Carolyn Roberts is chair of ASCL’s Ethical Leadership Commission which was launched at ASCL Annual Conference 2017. In this latest series of blogs, Carolyn explores some of the principles and virtues which feature in the Commission’s Framework for Ethical Leadership.
OPENNESS AND KINDNESS
In the Framework for Ethical Leadership we propose an educational reworking of the seven principles of public life, and six virtues. Openness is one of the principles, kindness is one of our virtues and we express them this way:
School and college leaders should act and take decisions in an open and transparent manner. Information should not be withheld from the public unless there are clear and lawful reasons for so doing.
Leaders should show generosity of spirit and good temper. They should treat everyone with respect and understanding. Governors should demonstrate kindness and humanity, expecting to see those in school leaders while they strive together.
Openness is easy for me because I like to talk but thinking about kindness makes me feel guilty. If my mother were here she’d fix me with a look, chew her lip and issue a “hrmph”, followed by “Too fond of a smart remark”, or “Watch your mouth.” You know the kind of thing mothers say.
Knowing that, I’m careful at work. I like structures that protect values and I err on the side of humanity when I can. If there’s an unpalatable message, I try to deliver it kindly. If there’s a decision to take, I try to take it openly. If there’s a way for a colleague or a child to come back from the brink, I try to offer it. However, difficult decisions come with the territory, so I’m ready to make them.
In all these cases, procedures give kindness and openness physical form. We have clear expectations of one another in an adult workplace, and set processes when things go awry. When we are dealing with taxpayers’ money we need especially to be transparent. Agreed ways of going about things - fairly done without fear or favour - enable us to shed light on our actions and to reassure. We are all equal before the law, and we should all be equal before the steady processes of our institutions.
I was speaking at an event once about the principles that should inform our working lives when a question from the floor asked the inevitable question about ’getting rid of ineffective teachers’. This question infuriates me for about a million reasons; we should resist the lie that our schools are littered with useless teachers, or that we don’t have a way of maintaining quality, or that anyone who doesn’t buy into a ‘macho head’ is hell-bent on forcing little children to endure year after year of bad teaching because ‘You can’t sack them’.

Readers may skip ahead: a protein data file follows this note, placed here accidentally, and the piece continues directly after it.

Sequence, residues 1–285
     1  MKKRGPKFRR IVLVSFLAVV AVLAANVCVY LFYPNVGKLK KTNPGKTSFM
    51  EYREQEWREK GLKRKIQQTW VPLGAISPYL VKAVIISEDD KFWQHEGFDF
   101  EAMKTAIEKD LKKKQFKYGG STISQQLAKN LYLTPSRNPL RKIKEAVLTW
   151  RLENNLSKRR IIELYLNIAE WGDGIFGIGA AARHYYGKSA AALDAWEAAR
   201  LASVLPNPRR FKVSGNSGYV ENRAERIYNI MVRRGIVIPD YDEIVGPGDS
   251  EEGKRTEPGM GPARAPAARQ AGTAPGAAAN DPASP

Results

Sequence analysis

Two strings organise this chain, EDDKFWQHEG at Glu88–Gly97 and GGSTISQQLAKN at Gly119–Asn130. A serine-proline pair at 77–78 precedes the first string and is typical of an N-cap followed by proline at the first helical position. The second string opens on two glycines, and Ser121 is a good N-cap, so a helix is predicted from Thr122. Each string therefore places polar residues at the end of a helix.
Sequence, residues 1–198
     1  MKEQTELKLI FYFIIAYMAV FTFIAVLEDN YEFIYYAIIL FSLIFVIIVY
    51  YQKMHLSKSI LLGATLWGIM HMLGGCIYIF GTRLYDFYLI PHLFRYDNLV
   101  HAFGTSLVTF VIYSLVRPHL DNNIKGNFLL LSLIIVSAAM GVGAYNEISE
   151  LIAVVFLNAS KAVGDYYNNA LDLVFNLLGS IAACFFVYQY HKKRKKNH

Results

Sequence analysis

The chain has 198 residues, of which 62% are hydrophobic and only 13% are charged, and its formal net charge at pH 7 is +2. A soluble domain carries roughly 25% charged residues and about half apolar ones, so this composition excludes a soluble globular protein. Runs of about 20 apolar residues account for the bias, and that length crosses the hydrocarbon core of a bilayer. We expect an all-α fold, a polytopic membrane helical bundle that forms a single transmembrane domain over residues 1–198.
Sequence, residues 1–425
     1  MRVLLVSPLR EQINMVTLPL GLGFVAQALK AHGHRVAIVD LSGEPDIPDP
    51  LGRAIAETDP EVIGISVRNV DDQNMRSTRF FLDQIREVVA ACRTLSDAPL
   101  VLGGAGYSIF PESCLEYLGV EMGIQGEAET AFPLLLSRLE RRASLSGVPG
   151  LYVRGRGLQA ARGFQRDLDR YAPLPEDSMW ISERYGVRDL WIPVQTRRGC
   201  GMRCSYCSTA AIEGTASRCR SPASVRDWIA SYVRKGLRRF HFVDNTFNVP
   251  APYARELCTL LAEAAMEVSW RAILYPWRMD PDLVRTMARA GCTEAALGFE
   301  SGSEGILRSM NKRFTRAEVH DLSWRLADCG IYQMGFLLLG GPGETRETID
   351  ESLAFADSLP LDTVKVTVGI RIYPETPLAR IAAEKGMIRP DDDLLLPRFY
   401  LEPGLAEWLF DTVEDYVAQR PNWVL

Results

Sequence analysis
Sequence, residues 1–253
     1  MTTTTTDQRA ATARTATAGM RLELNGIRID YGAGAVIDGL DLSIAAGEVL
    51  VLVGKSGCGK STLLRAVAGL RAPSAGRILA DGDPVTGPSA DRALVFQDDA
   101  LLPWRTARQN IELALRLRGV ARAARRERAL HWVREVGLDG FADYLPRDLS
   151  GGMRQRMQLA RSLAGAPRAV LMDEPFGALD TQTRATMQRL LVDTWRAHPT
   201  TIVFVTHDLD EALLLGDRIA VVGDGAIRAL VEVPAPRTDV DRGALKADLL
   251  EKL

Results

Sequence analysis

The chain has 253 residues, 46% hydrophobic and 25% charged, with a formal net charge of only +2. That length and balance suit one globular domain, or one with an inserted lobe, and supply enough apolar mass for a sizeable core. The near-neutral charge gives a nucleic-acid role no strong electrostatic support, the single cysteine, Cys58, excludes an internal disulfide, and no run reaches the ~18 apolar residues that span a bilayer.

A good society
Schools are generally well stocked with good teachers. We all have ways of monitoring and checking that they stay good. We move heaven and earth to protect the classroom experience and spend hours and money trying to keep skilful people in front of every class. But sometimes it fails. It is only right that if I make a judgement that a person isn’t suitable for my school, or suitable for teaching at all, that I should prove it, or try to help that person become better, or both. If I fell on hard times, I’d expect the same help. It can’t be done overnight.
That’s how a good society works. Everyone deserves a fair hearing, and no-one should be at the mercy of the boss’s emotions and stresses. The person I’m dealing with may be beyond annoying, but I might just be having a bad day. She is worthy of being treated with respect, and helped in her hour of need. He is worthy of more than the minimum standard of employment relations.
Why? Because we all deserve to be treated fairly and we all deserve the reassurance about how we’ll be treated. My mother (and my children, bless ‘em) may know me as short-tempered and easily bored, but that has no place in my working life. Respect, humanity, even temper, fair and transparent processes underpin kindness and openness in our workplaces and they set the best example of civilised behaviour to our children. It’s the categorical imperative, the golden rule, the sine qua non of adult professional behaviour. Do as you would be done by.
Do you think our proposed principles focus on the right things?
Do you think school leadership in the UK lives up to this vision?
What are the key issues that school leaders face?
Are there barriers to school leaders behaving ethically?
How might we support school leaders to be ethical leaders?
If you are attending Annual Conference this year, do join in the discussion, either at our panel on 10 March or the breakout session What kind of people are we? Testing the principles of the Ethical Leadership Commission at 14.30pm on Friday 9 March. Alternatively, please email email@example.com with your thoughts.
You can also read Carolyn’s series of blogs on ethical leadership in education, and the origins of the ASCL Ethical Leadership Commission.
ASCL Past President Peter Kent has also written Doing the right thing which looks at ethical leadership in education from an international perspective.